The role of phenotypic plasticity in adaptive evolution has been debated for decades. This is because the strength of natural selection is dependent on the direction and magnitude of phenotypic responses to environmental signals. Therefore, the connection between plasticity and adaptation will depend on the patterns of plasticity harbored by ancestral populations before a change in the environment. Yet few studies have directly assessed ancestral variation in plasticity and tracked phenotypic changes over time. Here we resurrected historic propagules of Daphnia spanning multiple species and lakes in Wisconsin following the invasion and proliferation of a novel predator (spiny waterflea, Bythotrephes longimanus). This approach revealed extensive genetic variation in predator-induced plasticity in ancestral populations of Daphnia. It is unlikely that the standing patterns of plasticity shielded Daphnia from selection to permit long-term coexistence with a novel predator. Instead, this variation in plasticity provided the raw materials for Bythotrephes-mediated selection to drive rapid shifts in Daphnia behavior and life history. Surprisingly, there was little evidence for the evolution of trait plasticity as genetic variation in plasticity was maintained in the face of a novel predator. Such results provide insight into the link between plasticity and adaptation and highlight the importance of quantifying genetic variation in plasticity when evaluating the drivers of evolutionary change in the wild. © 2020 National Academy of Sciences. All rights reserved.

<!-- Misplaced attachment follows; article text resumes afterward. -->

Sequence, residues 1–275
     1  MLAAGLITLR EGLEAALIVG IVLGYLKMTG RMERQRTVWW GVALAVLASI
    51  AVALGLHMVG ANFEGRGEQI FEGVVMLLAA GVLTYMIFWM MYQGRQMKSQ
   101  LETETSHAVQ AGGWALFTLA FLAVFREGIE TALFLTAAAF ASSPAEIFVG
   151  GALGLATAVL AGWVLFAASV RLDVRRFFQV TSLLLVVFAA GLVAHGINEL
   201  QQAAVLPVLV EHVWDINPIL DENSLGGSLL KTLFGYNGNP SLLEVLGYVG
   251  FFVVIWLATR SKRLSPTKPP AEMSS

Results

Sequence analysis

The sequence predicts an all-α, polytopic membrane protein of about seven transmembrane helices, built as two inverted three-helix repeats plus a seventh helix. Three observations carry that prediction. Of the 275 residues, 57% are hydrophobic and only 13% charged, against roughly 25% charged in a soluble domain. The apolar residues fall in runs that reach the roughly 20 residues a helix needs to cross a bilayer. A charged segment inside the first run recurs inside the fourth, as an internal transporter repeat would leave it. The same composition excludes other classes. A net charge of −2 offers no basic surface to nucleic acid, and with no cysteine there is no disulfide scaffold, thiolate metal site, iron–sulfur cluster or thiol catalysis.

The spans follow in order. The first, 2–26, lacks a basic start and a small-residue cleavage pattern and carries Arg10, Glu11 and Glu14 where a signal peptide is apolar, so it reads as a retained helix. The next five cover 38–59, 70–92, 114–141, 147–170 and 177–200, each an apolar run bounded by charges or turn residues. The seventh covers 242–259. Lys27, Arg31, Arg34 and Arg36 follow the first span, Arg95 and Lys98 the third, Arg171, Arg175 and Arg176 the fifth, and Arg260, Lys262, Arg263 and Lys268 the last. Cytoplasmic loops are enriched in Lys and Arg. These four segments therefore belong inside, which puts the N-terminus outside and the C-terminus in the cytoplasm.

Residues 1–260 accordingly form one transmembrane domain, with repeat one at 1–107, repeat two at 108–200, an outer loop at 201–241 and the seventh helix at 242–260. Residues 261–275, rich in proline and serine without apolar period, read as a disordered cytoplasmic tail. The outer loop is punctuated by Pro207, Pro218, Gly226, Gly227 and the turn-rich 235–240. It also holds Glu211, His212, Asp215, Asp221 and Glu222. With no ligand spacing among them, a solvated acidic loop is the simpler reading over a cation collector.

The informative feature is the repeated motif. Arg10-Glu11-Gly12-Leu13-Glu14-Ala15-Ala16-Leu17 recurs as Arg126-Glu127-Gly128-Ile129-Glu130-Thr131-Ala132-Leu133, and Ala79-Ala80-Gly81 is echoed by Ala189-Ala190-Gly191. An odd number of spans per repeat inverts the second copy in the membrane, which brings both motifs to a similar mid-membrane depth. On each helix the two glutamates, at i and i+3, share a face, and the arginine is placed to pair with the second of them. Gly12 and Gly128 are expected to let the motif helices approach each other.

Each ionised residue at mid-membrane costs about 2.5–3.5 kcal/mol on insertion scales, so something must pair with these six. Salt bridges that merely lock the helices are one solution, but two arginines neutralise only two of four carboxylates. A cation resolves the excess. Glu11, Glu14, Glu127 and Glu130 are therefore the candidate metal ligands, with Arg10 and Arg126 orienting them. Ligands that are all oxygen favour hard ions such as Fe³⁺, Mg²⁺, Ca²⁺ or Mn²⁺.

|Original language||English (US)|
|Number of pages||10|
|Journal||Proceedings of the National Academy of Sciences of the United States of America|
|State||Published - Dec 22 2020|
Bibliographical noteExport Date: 23 January 2021
- Life history evolution
- Local adaptation
- Species invasion
Continental Scientific Drilling Facility tags
PubMed: MeSH publication types
- Journal Article
- Research Support, U.S. Gov't, Non-P.H.S.